Sports Illustrated February 2020 Editors Letter: Miami Super Bowl MVP



The world has changed over the past half century. How does that give a breathtaking historical and cultural insight? As obvious as it is, it’s always fun to take stock of evolution. Especially since we have been thinking a lot here lately about what this magazine and this brand have been and where they are going.

Take the January 20, 1969 issue of Illustrated sports. Joe Namath on the cover, following the Jets’ epic upset against the Baltimore Colts in Super Bowl III. The history of the game by Tex Maule, with hipster references from the era to the jet age and swinging nights on the town. Word housewife in the title of another story. An automobile ad touting power windows as a technological leap that will ease the physical burden of tucking into a mailbox and sending a letter.

This particular issue of SI came about as we conceptualized the cover of our latest magazine issue: the February issue, released today, features a grouping of the nine living MVPs of Super Bowls played in Miami, including Namath. In some ways, South Florida is the unofficial home of the Super Bowl; this year’s game, at Hard Rock Stadium, is Miami’s 11th, more than any other host city. It was the scene of some of the most Super Bowl moments (the guarantee of Broadway Joe, the taking of Swann, the driving of Montana) and some of the strangest. As Michael Rosenberg shows in his cover story, the Super Bowl’s growth from football curiosity to the de facto national day can be traced quite clearly through the games played in South Florida, from Super Bowl II to LIV. .

This push-pull between the past and the future resonates particularly at this time for SI. We are entering a new chapter in the brand’s 66-year history: this is our first issue as a monthly magazine. Things have changed since Namath’s Super Bowl coverage. Maule’s story was full of game and game-by-game details, the kind of information that is stale seconds after the final whistle, much less days or weeks later when a magazine is read. The new SI is no longer a vessel for news and recap. It’s an invitation to relax and enjoy thoughtful writing and beautiful imagery – you’ll find them both in Rosenberg’s story and in everyone around him in the February issue.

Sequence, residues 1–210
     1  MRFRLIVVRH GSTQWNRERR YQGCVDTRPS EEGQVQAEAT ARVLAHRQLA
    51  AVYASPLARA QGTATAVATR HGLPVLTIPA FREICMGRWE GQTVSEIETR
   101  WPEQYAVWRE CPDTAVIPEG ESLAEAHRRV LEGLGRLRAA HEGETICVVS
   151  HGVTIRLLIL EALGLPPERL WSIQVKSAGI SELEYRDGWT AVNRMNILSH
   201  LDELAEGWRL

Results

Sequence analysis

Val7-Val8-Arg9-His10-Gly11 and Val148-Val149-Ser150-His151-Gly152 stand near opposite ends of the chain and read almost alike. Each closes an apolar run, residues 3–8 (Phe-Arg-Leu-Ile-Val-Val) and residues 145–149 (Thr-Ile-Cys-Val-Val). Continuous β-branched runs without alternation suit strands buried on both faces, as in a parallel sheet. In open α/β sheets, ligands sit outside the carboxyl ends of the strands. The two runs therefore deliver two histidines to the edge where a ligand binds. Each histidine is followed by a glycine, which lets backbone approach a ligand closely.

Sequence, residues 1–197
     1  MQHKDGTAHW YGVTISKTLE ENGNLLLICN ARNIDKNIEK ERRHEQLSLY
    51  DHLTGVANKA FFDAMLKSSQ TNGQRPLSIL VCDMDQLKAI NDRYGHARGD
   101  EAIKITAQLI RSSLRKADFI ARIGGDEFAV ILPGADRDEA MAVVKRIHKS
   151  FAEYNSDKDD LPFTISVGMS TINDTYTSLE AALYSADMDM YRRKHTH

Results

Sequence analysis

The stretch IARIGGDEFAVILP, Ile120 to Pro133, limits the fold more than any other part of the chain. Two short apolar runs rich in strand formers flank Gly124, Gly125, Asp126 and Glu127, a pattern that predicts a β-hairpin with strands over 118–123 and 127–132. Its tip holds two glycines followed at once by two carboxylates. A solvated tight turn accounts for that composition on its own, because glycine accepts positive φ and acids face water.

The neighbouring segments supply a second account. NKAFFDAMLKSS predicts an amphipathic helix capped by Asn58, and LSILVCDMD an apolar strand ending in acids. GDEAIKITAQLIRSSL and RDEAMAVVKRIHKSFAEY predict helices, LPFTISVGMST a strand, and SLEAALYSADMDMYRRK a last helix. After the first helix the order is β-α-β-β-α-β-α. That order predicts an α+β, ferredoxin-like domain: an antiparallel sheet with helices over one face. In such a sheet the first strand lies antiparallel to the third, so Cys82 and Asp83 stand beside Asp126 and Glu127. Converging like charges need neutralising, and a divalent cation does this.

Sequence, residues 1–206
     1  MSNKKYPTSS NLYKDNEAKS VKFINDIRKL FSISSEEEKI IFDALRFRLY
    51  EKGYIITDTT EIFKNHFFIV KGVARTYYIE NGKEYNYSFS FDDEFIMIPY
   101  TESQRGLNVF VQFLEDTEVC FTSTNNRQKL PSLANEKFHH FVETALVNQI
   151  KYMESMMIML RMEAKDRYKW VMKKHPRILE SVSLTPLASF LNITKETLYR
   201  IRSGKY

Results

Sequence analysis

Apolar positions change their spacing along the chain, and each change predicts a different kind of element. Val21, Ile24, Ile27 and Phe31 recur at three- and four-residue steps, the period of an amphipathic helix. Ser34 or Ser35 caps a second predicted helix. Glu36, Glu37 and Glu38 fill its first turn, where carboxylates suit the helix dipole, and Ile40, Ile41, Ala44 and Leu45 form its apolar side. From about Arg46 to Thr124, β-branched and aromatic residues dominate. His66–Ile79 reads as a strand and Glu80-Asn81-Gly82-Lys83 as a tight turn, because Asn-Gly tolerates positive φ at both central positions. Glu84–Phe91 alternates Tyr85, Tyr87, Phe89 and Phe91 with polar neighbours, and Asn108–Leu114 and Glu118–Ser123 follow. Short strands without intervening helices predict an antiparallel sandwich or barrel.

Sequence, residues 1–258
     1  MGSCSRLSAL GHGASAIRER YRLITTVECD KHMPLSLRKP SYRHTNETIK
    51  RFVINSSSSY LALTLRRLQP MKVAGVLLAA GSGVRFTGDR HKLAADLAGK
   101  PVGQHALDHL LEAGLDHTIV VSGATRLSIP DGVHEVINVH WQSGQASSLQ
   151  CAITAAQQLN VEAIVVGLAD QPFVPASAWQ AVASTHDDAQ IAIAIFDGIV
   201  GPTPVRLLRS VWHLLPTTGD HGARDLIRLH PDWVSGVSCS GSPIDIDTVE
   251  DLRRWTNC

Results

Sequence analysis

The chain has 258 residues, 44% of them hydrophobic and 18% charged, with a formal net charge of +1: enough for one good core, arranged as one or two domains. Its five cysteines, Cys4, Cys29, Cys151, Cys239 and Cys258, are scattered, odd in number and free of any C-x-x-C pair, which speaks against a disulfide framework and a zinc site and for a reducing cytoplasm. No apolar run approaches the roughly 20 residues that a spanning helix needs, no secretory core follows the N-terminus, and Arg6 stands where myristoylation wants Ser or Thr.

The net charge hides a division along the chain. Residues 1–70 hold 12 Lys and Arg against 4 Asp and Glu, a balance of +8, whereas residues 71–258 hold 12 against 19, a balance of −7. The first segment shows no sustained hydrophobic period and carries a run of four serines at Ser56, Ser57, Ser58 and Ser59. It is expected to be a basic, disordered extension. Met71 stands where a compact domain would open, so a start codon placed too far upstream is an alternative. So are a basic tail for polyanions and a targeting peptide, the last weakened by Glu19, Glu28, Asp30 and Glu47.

There is a place in the SI universe – a huge place – for breaking news and timely coverage. You get it on, on SI social networks and with our expanding network of local team sites. It’s the new IS, the growing digital reach and the direction to go with a premium magazine.

As for the magazine, you’ll see 16 issues in 2020, including the Swimsuit Issue and standalone premieres focused on football, NBA, baseball and the Olympics. You will see thicker, shinier paper that showcases our branded photographs. And you’ll see pages full of stories that have been synonymous with SI since 1954: in-depth reporting, in-depth profiles, in-depth investigative journalism, produced by the best writers in the business. These stories will also air on our digital channels with additional video content, along with many other digital-only features that match the storytelling and journalism found in the magazine.

Like the Super Bowl, Illustrated sports is a living, breathing and evolving institution – always building and growing beyond what it was before. Thank you for being a part of this story, and please let us know what you think of the new SI.


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